- The indexers are easier to test. We have built a snapshot testing utility on top of SCIP that we’re reusing across indexers. Snapshot testing with LSIF payloads, in contrast, has been painful in our experience.
Don Stewart, an engineer at Meta, has integrated SCIP with Glean, the system that’s used at Meta for collecting, deriving, and querying facts about code. Don shared on Twitter that SCIP is “8x smaller, and can be processed 3x faster” in comparison with LSIF.
Fri-yayy so hacked up native @sourcegraph SCIP support for TypeScript repos in Glean. The SCIP data is protobuf-encoded and typed, so compared to LSIF its about 8x smaller, and can be processed 3x faster. The mapping into Glean is ~550 loc, vs 1500 for LSIF.— Don Stewart (@donsbot) May 27, 2022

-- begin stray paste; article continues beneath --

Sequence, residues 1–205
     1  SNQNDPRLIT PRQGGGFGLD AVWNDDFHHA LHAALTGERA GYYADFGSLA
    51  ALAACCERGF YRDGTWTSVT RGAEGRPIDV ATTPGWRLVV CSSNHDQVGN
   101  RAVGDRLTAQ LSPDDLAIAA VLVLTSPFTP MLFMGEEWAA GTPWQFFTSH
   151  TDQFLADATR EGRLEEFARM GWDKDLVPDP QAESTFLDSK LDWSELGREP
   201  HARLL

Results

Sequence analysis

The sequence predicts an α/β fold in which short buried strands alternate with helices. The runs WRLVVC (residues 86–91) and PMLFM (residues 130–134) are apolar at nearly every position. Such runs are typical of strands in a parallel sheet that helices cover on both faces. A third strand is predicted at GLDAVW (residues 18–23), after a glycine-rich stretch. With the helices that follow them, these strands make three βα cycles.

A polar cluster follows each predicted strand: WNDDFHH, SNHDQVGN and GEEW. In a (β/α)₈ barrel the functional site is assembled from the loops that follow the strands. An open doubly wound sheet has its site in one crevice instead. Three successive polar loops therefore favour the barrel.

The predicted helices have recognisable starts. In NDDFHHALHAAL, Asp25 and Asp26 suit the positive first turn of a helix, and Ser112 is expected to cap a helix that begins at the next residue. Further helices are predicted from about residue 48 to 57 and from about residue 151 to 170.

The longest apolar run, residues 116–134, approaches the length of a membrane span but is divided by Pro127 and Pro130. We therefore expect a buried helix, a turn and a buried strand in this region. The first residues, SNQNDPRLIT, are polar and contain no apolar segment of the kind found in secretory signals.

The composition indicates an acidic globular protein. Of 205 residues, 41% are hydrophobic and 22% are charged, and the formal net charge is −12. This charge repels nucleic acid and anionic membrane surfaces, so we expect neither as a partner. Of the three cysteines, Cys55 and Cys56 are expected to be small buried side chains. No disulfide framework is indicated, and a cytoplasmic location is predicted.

Example queries: pic.twitter.com/AZIRqVURLR
Going forward, we anticipate SCIP additionally unblocks the following use-cases that we previously struggled to support with LSIF:
- Incremental indexing: once implemented, SCIP users will experience shorter waiting time for precise code navigation to become available on Sourcegraph after a git push because our backend only needs to index the files that have changed instead of the entire repository on every commit.
- Cross-language navigation: once implemented, SCIP users will, for example, be able to navigate between Protobuf and generated Java/Go Protobuf bindings, helping them find relevant code examples that were previously unavailable with both search-based and precise code navigation.